Mr. Cronk is frequently featured in the media including The Wall Street Journal, The New York Times, TheStreet, Dow Jones MarketWatch, Barron’s, the Associated Press, and Reuters, and makes regular appearances on Bloomberg, CNBC, and Fox Business News. He has authored numerous investment-related articles and regularly speaks at investment-industry conferences.
With more than 20 years of experience in financial services, Mr. Cronk most recently served as deputy chief investment officer for Wells Fargo Private Bank. He has held a variety of positions at Wells Fargo, including regional chief investment officer, senior director of investments, regional investment manager, senior investment manager, equity analyst, and senior financial consultant. He began his career as a senior credit analyst for Norwest Bank, a Wells Fargo predecessor.
Mr. Cronk earned a Bachelor of Science in Finance from Iowa State University, a Master in Finance from Boston University, and is a CFA® charterholder. He is based in New York City.
Tracie McMillion is the head of global asset allocation strategy for Wells Fargo Investment Institute (WFII), an organization that provides global manager research and investment strategy advice to Wells Fargo’s Wealth, Brokerage, and Retirement (WBR) division. WBR is comprised of Wells Fargo Private Bank, Wells Fargo Advisors, Wells Fargo Institutional Retirement, and Abbot Downing businesses, accounting for more than $1.6 trillion* in assets under administration.
In her current role, Ms. McMillion leads the development of global investment strategy. She oversees the creation of asset allocation recommendations and writes economic and market commentary and analysis. Ms. McMillion has been quoted in The Wall Street Journal and Barrons, on CNBC, and in other financial media outlets.
Ms. McMillion has more than 18 years of experience in financial services. Prior to her current role, she served as an asset allocation strategist and a senior investment research analyst for Wells Fargo and predecessor firms. Earlier in her career, she served as lead portfolio manager for Evergreen Private Asset Management where she managed assets for high-net-worth clients and philanthropic organizations.
Tracie earned a Bachelor of Arts in Economics and a Master of Business Administration from the College of William and Mary in Virginia. She is a CFA® charterholder and member of the CFA North Carolina Society. Ms. McMillion is located in Winston-Salem, North Carolina.
*As of Sept. 30, 2014
All investing involves some degree of risk, whether it is associated with market volatility, purchasing power or a specific security. Stocks offer long-term growth potential, but may fluctuate more and provide less current income than other investments.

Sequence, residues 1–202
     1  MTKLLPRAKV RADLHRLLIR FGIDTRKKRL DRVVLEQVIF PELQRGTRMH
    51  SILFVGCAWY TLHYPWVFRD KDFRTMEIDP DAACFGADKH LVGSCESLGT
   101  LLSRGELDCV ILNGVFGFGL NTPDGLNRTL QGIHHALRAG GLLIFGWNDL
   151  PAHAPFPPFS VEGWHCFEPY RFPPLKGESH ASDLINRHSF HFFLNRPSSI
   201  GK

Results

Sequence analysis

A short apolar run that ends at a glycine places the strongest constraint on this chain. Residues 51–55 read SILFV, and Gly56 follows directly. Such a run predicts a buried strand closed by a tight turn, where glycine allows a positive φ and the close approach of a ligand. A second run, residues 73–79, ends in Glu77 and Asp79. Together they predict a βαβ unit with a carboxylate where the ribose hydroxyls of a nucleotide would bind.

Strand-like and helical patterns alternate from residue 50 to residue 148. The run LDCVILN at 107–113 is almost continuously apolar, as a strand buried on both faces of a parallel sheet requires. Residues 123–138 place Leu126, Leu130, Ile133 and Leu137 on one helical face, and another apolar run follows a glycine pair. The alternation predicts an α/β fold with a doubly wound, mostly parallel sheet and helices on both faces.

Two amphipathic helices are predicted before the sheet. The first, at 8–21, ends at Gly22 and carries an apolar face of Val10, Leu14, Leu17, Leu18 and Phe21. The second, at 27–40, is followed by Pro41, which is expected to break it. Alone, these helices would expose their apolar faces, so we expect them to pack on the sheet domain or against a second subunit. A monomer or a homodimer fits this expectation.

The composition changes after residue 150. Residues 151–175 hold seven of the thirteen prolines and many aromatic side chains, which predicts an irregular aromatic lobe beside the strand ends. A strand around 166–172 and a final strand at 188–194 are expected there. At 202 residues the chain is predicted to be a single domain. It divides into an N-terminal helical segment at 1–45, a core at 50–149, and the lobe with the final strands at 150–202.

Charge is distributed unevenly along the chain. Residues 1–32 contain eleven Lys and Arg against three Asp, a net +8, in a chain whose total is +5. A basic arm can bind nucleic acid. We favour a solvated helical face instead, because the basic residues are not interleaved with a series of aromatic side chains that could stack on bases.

Investing in foreign securities presents certain risks not associated with domestic investments, such as currency fluctuation, political and economic instability, and different accounting standards. This may result in greater share price volatility. These risks are heightened in emerging markets.
An index is unmanaged and not available for direct investment.
S&P 500 Index is a market capitalization-weighted index composed of 500 widely held common stocks that is generally considered representative of the US stock market.
The DAX German Stock Index represents 30 of the largest and most liquid German companies traded on the Frankfurt Stock Exchange.
Nikkei 225 Index is the leading and most-respected index of Japanese stocks. It is a price-weighted index comprised of Japan’s top 225 blue-chip companies on the Tokyo Stock Exchange. The Nikkei is equivalent to the Dow Jones Industrial Average Index in the U.S.
The CAC 40 Index (French stock market index) tracks the 40 largest French stocks based on market capitalization on the Paris Bourse (stock exchange).
Global Investment Strategy is a division of Wells Fargo Investment Institute, Inc. (WFII). WFII is a registered investment adviser and wholly-owned subsidiary of Wells Fargo & Company and provides investment advice to Wells Fargo Bank, N.A., Wells Fargo Advisors and other Wells Fargo affiliates. Wells Fargo Bank, N.A. is a bank affiliate of Wells Fargo & Company.